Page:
Adequate K levels are important to maximize soybean yield potential. Peak absorption of K occurs from flowering through early pod development. A shortage of K during this period can result in yield loss without obvious foliar symptoms.

Stalk Rots and the Role of K. Stalk rot diseases can cause yield losses due to premature plant death and lodging. Excessive N that is out of balance with K can cause rapid growth, which may cause the plant to have insufficient structural composition to guard against fungal pathogens. The severity of stalk rot loss can be minimized with an optimum balance between K and N levels in plant tissue.4  Potassium has been associated with improvement of stalk strength. When corn plants take up sufficient K, stalk drydown is moderated after maturity and the risk of lodging may be reduced.

Critical Growth Stages. In corn, K uptake increases rapidly after about the V6 growth stage, approximately 4 to 6 weeks after planting.5 Uptake of K is completed soon after silking (R1 stage). Deficiency symptoms become visible when K demand becomes large and there is not enough available K.

Symptoms of K deficiency in both crops are characterized by yellowing or browning of the leaf margins, beginning at the leaf tips, and can often be confused with N deficiency. Like N, K is mobile in the plant so older leaves are affected first (Figures 2 and 3).



In addition to a low soil-available K level, soil compaction and conservation tillage practices may also show deficiencies. Dry soil conditions can also negatively affect soil K uptake by plant roots.

Potassium is important in soybean plants for nodule formation and N-fixation. Deficient plants may have green stems and retain their leaves at maturity.

Managing P and K                       

Understanding both crop nutrient uptake and removal can help a farmer better match plant nutritional needs for a target yield in a field environment. The soil fertility levels for P and K are greatly impacted by their availability in the soil and previous crop removal. For corn, each bushel harvested per acre removes approximately 0.43 lbs/acre of P2O5 and 0.29 lbs/acre of K2O.6 For soybean, each bushel harvested per acre removes approximately 0.85 lbs/acre of P2O5 and 1.45 lbs/acre of K2O. Because the majority of the aboveground tissue is harvested, crops cut for silage remove significantly more, approximately 8 lbs/silage ton of K2O.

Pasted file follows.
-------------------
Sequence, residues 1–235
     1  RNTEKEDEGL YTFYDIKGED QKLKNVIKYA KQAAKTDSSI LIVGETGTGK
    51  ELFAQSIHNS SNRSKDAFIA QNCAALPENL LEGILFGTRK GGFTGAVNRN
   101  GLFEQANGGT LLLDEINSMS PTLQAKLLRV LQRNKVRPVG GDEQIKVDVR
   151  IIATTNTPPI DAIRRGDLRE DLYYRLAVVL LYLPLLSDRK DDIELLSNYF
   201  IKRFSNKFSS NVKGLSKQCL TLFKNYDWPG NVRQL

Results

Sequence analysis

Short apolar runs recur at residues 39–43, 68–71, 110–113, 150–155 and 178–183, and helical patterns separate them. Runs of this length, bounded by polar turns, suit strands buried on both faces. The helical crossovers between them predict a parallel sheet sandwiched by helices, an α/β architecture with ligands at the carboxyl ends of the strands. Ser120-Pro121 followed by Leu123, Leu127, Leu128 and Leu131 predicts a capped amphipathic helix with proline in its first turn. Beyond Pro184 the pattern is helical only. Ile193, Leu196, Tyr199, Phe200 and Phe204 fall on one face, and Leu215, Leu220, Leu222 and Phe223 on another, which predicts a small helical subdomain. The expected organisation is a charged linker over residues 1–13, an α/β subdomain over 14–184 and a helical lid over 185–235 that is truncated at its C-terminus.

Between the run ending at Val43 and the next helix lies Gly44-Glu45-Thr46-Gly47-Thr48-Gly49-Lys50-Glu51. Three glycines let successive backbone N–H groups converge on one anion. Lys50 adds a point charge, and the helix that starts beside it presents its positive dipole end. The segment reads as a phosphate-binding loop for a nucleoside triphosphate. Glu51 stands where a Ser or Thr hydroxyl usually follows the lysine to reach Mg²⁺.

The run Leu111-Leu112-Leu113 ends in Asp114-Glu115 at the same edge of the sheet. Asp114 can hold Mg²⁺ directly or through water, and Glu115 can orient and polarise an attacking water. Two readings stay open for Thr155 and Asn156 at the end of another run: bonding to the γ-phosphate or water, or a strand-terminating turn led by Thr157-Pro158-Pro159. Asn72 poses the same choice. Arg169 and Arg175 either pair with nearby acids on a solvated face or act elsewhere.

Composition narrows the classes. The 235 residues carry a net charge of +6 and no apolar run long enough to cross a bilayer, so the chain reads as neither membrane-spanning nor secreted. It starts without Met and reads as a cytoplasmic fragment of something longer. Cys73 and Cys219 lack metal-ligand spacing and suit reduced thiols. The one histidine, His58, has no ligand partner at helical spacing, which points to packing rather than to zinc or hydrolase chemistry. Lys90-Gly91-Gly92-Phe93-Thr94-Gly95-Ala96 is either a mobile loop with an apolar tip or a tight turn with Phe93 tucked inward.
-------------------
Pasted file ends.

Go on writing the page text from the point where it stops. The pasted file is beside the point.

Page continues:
If there is concern about fertility, especially due to very high or very low yields, soil tests can aid with fertility decisions. In order to maintain appropriate fertility levels, soil should be tested at least every other year. It is important to apply fertilizers based on the values of the soil test. 

Recommendations for P and K are equal to the amount of nutrients removed at harvest when soil test levels are in the optimum range. Residual fertility from previous crops and manure applications should be taken into consideration when determining application amounts.

It is possible to raise soil test levels if nutrient application rates exceed the crop removal rate. In general, 12 to 28 lbs of P2O5 and 8 to 16 lbs of K2O above crop removal are required to raise the soil test levels one part/million for P and K, respectively.The actual amount of each nutrient needed depends on the initial soil test level, soil texture, clay minerals, and organic matter level.                                                                                      


1Usherwood, N. 1998. Nutrient management for top-profit soybeans.

2Phosphorus fertility. 2010. Mississippi State University Cooperative Extension Service.

3Ritchie, S. et al. 1997. How a corn plant develops. Iowa State University Special Report.

4Draper, M.A. et al. 2009.  Corn diseases in South Dakota. Best management practices for corn production in South Dakota.. South Dakota State University Extension. EC929.

5Potassium deficiency symptoms in corn. 2000.

6Montgomery, M. Phosphorus. University of Illinois.

7How much fertilizer does it take to raise soil test levels? 2000.

Corn & Soybean Field Guide. 2007 Edition. Purdue Pest Management Program. Purdue University.

Web sources verified 03/26/2015.